Leon Cathedral along the Camino de Santiago
Final Stages of the Camino de Santiago: Tours & Information
Many Camino pilgrims choose to experience the final stage of the Camino de Santiago
. This article will explain why the last section of the Camino is so popular, how far you need to walk or cycle to collect your Compostela (Pilgrim's Certificate), and present eight affordable walking and cycling tour options for you to achieve this goal.
How Long is the Final Stage of the Camino de Santiago?
According to the Pilgrim's Reception Office
, the official service behind Camino credentials, pilgrims need to walk at least 100km or 62 miles of the Camino de Santiago to be eligible for the Compostela (Pilgrims Certificate). The general starting point for walking the final stage of the Camino Frances (the most popular route) is the town of Sarria, which is actually 115km or 72 miles from Santiago.
Pilgrims who cycle the Camino need to cover 200km or 124 miles to be eligible for the Compostela. For cyclists doing the Camino Frances, this starting point is in Leon, and for those riding the Camino Portuguese, the starting point is in the delightful city of Porto.
Why is the Final Stage of the Camino de Santiago so Popular?
Travellers enjoy walking or cycling the final section of the Camino de Santiago for several reasons.
- By completing the final stage of the Camino de Santiago, pilgrims are eligible for the Compostela (Pilgrim's Certificate), which is an official document certifying the Camino has been completed.
- It's ideal for those travellers who are short on time, as the final stage of the Camino de Santiago takes 7-8 days.
- The final stage of the Camino highlights the essence of a Camino pilgrimage. You get to experience the day to day walking, the social atmosphere of your fellow pilgrims, the changing landscape of northern Spain, and get to enjoy the delicious regional cuisine.
Which Tours Can I Walk the Final Stage of the Camino de Santiago?
There are four routes and six tours that cover the final 100km stage of the Camino de Santiago trails leading to Santiago de Compostela.
1. Sarria to Santiago: Camino Frances
This is the most popular section of the Camino to walk and covers the last 115km of the Camino Frances from Sarria to Santiago. With UTracks, there are different ways to complete this
2.Tui to Santiago: Portuguese Way
Follow the famous scallop shells from the Portuguese town of Tui on this final section of the Portuguese Camino. This is the last of four stages of the Portuguese Way Camino.
3. Ferrol to Santiago: The English Way
Walking the route from Ferrol to Santiago along the English Way (Camino Ingles) isn't just completing the final stage of the English Camino, it's the entire trail! This is a naturally short Camino as it follows the trail English pilgrims walked from the historic port town of Ferrol, after arriving from the United Kingdom, to the holy city of Santiago de Compostela.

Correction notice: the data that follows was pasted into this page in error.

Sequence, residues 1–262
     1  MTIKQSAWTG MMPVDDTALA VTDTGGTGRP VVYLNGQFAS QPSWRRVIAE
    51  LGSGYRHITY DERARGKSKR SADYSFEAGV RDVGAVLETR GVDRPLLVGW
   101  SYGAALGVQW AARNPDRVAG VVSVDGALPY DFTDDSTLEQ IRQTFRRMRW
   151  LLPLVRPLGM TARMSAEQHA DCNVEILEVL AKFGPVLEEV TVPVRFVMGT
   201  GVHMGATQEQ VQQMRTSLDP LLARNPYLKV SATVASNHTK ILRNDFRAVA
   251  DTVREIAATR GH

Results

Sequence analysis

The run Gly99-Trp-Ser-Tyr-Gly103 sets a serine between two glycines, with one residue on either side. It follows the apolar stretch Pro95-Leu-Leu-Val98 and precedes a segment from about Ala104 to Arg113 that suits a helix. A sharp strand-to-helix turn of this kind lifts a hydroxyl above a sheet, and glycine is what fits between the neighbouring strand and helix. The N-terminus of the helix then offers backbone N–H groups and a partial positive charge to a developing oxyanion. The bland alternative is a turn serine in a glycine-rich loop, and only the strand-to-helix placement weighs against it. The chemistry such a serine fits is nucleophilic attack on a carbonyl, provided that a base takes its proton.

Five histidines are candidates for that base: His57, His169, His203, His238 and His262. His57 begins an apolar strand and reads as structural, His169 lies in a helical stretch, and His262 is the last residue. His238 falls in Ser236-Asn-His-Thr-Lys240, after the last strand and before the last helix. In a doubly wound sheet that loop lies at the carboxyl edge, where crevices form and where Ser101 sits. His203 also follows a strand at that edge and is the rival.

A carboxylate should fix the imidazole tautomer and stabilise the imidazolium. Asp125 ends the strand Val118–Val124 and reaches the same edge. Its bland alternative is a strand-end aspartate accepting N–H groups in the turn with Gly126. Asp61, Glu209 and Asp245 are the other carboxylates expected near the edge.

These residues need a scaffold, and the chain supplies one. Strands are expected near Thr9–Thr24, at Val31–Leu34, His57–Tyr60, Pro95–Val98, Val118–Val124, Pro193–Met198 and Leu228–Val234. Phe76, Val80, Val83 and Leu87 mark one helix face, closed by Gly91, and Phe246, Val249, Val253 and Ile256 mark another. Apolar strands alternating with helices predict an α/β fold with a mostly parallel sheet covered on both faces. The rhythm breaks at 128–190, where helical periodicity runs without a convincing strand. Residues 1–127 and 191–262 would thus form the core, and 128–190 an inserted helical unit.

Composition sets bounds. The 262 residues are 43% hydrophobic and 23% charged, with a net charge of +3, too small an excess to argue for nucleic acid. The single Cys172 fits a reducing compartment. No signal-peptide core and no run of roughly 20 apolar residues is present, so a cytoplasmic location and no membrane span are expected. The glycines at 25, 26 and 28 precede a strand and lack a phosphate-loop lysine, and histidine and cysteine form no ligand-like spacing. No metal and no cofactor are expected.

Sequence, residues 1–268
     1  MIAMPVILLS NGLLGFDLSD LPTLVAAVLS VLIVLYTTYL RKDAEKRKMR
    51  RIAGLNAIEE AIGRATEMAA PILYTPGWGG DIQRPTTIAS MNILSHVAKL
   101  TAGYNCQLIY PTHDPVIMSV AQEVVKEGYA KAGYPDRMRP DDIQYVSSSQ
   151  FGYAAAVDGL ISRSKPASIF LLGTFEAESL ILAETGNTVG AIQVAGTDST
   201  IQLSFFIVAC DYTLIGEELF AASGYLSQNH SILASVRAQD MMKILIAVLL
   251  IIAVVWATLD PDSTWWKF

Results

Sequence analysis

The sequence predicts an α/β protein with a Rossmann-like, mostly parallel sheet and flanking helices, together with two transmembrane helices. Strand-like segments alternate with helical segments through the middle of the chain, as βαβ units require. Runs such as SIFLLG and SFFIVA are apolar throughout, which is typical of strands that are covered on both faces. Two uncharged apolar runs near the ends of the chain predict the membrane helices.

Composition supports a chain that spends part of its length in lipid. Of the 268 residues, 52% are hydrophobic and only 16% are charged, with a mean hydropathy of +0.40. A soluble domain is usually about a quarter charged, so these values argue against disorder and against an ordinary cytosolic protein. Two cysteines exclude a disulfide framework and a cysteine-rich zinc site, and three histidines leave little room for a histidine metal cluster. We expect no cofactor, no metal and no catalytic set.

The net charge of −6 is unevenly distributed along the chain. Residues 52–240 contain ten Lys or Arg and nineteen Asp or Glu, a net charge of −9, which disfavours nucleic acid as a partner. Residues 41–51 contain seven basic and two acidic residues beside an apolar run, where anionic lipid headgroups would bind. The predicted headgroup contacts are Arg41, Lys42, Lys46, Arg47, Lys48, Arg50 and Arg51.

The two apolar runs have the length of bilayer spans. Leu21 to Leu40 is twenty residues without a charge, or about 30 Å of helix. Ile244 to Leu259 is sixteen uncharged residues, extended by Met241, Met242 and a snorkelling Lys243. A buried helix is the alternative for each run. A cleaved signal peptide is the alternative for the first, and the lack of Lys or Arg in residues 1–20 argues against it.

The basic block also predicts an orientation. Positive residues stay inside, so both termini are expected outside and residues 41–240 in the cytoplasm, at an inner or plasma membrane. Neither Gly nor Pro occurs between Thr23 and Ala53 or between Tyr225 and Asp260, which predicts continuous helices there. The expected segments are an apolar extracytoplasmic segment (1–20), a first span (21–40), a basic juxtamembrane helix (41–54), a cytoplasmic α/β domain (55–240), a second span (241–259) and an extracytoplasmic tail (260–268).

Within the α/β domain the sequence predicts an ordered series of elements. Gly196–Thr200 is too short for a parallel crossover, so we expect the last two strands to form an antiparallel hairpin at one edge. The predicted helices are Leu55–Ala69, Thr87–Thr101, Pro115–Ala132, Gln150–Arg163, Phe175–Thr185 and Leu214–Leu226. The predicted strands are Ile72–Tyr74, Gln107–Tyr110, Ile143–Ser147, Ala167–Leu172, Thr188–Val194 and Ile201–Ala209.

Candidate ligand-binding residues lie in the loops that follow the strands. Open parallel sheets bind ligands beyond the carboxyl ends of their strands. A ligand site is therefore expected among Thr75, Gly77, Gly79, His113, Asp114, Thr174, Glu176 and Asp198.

4. Ourense to Santiago: Camino Sanabres
The Camino Sanabres is one of the oldest Camino trails, actually predating Christian pilgrims. This is a short Camino trail that, like the English Way, has no final section and can instead be walked in its entirety.
5. Baiona to Santiago: Camino Portuguese
Walk the final stage of the Portuguese Coastal Route and absorb one of the quieter, less busy Camino paths, with ample reminders of past pilgrims offering an insight into its religious significance.
6. Monforte to Santiago: Camino de Invierno
Explore the newest Camino trail to be recognised as an official Camino de Santiago route, the Camino de Invierno (in 2016). Also known as the Winter Way, this path avoids the high elevation of O Cebreiro and embraces vineyards and rivers among quiet and remote landscapes. Learn more here
Which Tours Can I Cycle the Final Stage of the Camino de Santiago?
If you prefer to pedal, these cycling tours will reward you with a sense of achievement for having completed the Camino.
1. Leon to Santiago: Camino Frances
This is the second and final stage of the Camino Frances cycling pilgrimage. Starting in the cathedral city of Leon, this tour includes breathtaking scenery, typical Spanish villages, and a few challenging sections that you can reward yourself with the delicious regional cuisine and wines of northern Spain.
2. Porto to Santiago: Portuguese Way
The first half of the Portuguese Way for cyclists begins in Lisbon, Portugal's capital, whereas this journey starts a bit further north in the stunning city of Porto. During this fantastic ride, you can expect coastal views, divine port wines, and the laidback local culture of the area.
Have you collected your Compostela or do you intend to? Let us know in the comment section which route you want to do.